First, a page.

Spotlight on:

Colombia’s Regions


The Andean mountain knot of the Colombian Massif is located in Cauca. There, the central and western mountain ranges of Colombia are born, as well as the two great Colombian Inter-Andean rivers, Cauca and Magdalena. Its capital, Popayán, has a historic center which remains with all its colonial architecture

The indigenous community with which we work in Cauca are the Eperara Siapidara.

The culture of the Eperara community is interpreted in two space worlds: The ‘’ethereal world’’ – world of Jai, of spirits or shadows – and the ‘’physical world’’ – ecosystem where society unfolds.

The community stands out for their agricultural work. They are led by the ‘’Tachi Nawe’’ (our mother), the highest spiritual chief and priestess.

Artisans from this region: Alejotapias Studio, Liliana Grueso.


San Jacinto is a municipality in Colombia located in the north of the country, in the department of Bolívar and 120 km southeast of Cartagena de Indias. It is a national pioneer in exports of handicrafts and agricultural products such as tobacco and coffee.

San Jacinto is considered to be the first artisan center of the Atlantic coast, in addition to being the first marketer of products made in vertical loom such as hammocks and its diversification. The municipality also produces products made in crochet and macramé, as well as wood products, saddlery and bagpipe instruments among others. The artisans in charge of the production of these craftsmanships are the women head of household and daughters over 12 yrs old, who inherit this art from an early age.

Artisans from this region: Damaris Buelvas.


Its name is formed by the combination of the terms Usía, which means lordship, and Curí, the name of the chief who inhabited that place.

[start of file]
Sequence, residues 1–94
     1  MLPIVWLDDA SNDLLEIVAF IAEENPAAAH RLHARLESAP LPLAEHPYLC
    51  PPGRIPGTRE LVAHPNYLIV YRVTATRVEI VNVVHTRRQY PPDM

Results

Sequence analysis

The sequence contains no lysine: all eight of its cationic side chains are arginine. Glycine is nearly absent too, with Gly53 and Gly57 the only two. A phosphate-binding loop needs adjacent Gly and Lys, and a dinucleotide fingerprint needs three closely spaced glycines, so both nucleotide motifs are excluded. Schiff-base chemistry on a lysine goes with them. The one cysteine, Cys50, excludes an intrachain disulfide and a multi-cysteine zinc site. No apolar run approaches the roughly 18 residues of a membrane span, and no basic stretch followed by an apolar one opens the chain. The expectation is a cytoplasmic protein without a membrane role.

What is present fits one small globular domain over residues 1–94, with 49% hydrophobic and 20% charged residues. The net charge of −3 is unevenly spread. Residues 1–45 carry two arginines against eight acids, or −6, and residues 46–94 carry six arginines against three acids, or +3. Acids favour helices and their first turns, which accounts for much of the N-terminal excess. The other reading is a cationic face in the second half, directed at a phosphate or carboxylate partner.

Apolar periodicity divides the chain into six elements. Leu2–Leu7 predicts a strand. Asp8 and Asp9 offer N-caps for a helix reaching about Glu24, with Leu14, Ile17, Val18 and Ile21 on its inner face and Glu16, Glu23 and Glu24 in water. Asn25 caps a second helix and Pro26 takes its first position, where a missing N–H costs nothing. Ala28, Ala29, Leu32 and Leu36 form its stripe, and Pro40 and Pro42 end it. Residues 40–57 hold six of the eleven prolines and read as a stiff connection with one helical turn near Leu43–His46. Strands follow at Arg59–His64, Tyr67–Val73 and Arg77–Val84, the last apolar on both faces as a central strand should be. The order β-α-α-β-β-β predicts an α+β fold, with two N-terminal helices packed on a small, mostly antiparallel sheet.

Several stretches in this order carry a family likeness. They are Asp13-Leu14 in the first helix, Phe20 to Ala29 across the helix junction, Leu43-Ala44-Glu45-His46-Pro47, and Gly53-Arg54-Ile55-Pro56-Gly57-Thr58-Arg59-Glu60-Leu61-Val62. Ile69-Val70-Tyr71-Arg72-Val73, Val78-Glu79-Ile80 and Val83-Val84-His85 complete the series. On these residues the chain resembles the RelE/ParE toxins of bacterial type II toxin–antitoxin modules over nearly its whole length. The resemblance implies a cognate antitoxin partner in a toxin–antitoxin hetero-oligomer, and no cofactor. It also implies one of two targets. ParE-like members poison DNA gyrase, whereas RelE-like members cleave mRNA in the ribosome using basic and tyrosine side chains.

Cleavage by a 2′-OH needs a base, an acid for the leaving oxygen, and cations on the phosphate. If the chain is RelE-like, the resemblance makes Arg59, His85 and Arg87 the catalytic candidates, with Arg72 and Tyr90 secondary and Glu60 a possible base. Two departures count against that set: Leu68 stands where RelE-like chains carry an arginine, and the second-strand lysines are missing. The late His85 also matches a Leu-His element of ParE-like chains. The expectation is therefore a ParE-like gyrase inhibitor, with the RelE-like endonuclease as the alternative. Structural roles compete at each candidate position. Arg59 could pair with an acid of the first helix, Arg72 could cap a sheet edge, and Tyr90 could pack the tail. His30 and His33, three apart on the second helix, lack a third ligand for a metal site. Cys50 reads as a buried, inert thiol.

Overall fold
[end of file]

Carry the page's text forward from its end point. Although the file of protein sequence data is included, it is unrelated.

Handicrafts are made in Iraca´s palm and most of the inhabitants of the town are dedicated to making purses, baskets, picture frames and all kinds of objects.

An important line of the economy of Usiacuri is the craftsmanship which is represented in Iraca palm fabrics. The products made of this vegetable attract tourists to trade hats, purses, bread boxes, baskets, furniture and various ornaments. The weaving technique used by artisans in the production of products in Iraca is one of the richest and most delicate in the entire national territory.

Artisans from this region: Sandra Muñoz .


The Caquetá region begins at the foot of the Andean mountain and ends in the Amazon jungle. With the exception of the populations located at the base of the mountain, and a few indigenous hamlets on the banks of the great rivers, the rest of the territory is practically uninhabited and covered with thick humid tropical rainforest.

Before the Spanish conquest, these lands were occupied by numerous indigenous groups, many of which subsist today. Part of their cultural legacy is represented by petroglyphs. The community Korebaju, which means “children of the earth”, were previously known as Guajes, Payagaxes, Guaques and Piojés. Its economy depends on agriculture, fishing and crafts. They make mud artifacts, such as totoro pots for cooking and for roasting coca; they also weave misirü backpacks with cumare fiber, with which men make the hâurü hammocks. They also craft yowü canoes and yowati oars to navigate the rivers.

Artisans from this region: Leonidas Gutierrez. .